Bob Dylan don’t need Nobel, or stinking badge
Comment: On Bob Dylan, Nobel laureate
Looking back on a close encounter of the Dylan kind reveals a slightly rumpled honouree who has a hard time accepting praise, let alone the Nobel Prize
*Caution: This article contains a top-100 list of Bob Dylan songs.
By Rod Mickleburgh
In the winter of 1990, I waited with a handful of reporters and photographers in a grand salon of the Palais-Royal in Paris for Bob Dylan. More than 25 years ahead of the Nobel Prize people, the French had decided that Dylan’s lyrical prowess was worthy of the country’s highest cultural honour, Commandeur dans l’ Ordre des Arts et des Lettres. T.S. Eliot was one of the first to receive the award in 1960. Borges followed in 1962. And now, following in the footsteps of Sean Connery (1987), it was Bob’s turn.
Finally, the gilded, ceiling-high white doors opened, and there he was, ambling into the opulent room, followed by France’s flamboyant minister of culture at the time, Jack Lang. He was ...
Typewriters, newspapers now retro cool
An old scribe ventures back to the future on a recent trip to Seattle where old-fashioned print media and analog typing contraptions still have a place and a meaningful, if sentimental, sense of purpose
By Rod Mickleburgh
Hey, kids! Montreal Expos caps and vinyl aren’t the only hip retro around. Be the first in your group to read a print newspaper. Take time out from your busy online life, relax and turn the pages. Impress your friends. You never know what unexpected treasures of information and features might lurk deep within.
As the late, great David Carr (sigh) did during all his visits outside New York, I still peruse the local newspapers whenever I venture beyond Van, man. Here are some print gleanings from a recent weekend baseball venture to Seattle. You, too, can be a newspaper explorer.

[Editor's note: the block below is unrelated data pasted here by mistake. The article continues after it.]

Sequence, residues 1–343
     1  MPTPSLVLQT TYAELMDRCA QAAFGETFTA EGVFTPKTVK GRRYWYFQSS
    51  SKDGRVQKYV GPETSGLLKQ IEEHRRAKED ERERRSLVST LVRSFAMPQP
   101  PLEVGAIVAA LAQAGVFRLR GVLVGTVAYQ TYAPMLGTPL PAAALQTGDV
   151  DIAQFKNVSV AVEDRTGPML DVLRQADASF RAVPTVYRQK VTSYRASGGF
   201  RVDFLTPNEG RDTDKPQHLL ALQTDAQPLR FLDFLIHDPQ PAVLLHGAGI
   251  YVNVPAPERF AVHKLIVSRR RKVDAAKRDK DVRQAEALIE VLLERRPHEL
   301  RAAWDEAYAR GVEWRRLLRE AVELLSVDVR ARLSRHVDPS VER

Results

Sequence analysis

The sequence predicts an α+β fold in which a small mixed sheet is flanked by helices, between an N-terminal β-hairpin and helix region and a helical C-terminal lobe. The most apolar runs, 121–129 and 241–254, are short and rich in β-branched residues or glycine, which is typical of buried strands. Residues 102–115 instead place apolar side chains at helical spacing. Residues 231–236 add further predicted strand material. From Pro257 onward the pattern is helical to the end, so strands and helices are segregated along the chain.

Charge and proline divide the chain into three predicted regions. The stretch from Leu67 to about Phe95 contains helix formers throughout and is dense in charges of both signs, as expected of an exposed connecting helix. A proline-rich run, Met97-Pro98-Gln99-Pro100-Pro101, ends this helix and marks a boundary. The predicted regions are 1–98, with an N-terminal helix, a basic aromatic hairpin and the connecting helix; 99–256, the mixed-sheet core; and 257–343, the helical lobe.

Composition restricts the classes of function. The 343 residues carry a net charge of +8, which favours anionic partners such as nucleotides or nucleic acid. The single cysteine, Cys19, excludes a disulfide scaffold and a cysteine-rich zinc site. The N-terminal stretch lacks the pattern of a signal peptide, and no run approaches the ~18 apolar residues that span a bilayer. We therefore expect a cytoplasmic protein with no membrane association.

1. Let’s start with a joke. You’re probably one of those who think Boise, Idaho is no laughing matter. Well, you’d be wrong. The lede of an enticing ...
A Haunted House of Commons
Halloween on The Hill
After a gruelling campaign and a hard-fought battle, half the capital looks like an Edvard Munch painting or a Walking Dead extra, but everyone will look right at home on All Hallows Eve -- a night that gives everyone a chance to wear a mask and ask for handouts
By Chris Lackner
OTTAWA -- With many incumbents swept away in the Liberal tide, there are plenty of long-faced ghouls and goblins wandering Parliament Hill these days. On Halloween, they’ll be able to blend in.
After an epic campaign full of tricks and treats, the kids in the red costumes went home with the biggest haul on election night – enough to gorge themselves for four years. But Halloween provides a well-deserved gift to Canadian politicos of all colours. After being stuck playing themselves for 11 weeks, they can wear any mask for one special night. The faint-of-heart can become the fearsome, the politically dead can rise again as the undead – and Canadian pollsters can finally show ...
Justin Trudeau: Is he just like us?
Talking 'bout my generation
When he is sworn in as Canada's 23rd Prime Minister November 4, Justin Trudeau will assume the reins of power and speak for Generation X -- but how much of an X-er is he? We made a checklist.
By Katherine Monk
Canada’s Prime Minister-designate has already been called the voice of his generation, and at the age of 43, that places him in the middle of Generation X — which only seems fitting given he’s the child of a West Vancouver dynasty, another one of Douglas Coupland’s obsessions. But as an X-er, I wanted to make a checklist of the traits that define our oft-cited but little understood generation, to see if our new voice will be speaking for us, and the cluster of people and experience that make us who we are.
Justin Trudeau: Is he just like us?
He grew up when Pierre Trudeau was the Prime Minister.
He looks good in a suit, but not like he was born in one.
He’s into being a parent.
He’s got a kid named Xavier.
The older generation ...
If the election were an Oscar race...
Ex-Press film critic Katherine Monk says Justin Trudeau and the Liberals would walk the red carpet to the podium thanks to campaign spots that banged the magic gong of belief
By Katherine Monk
They can be as intoxicating as a deep whiff of gasoline — a head-rush that makes you step back with a dizzy feeling, and a brief sense of awe. Political ads are high-octane experiences that fire your brain cells with all the engineering of a German automobile, as well as all the crafty deception.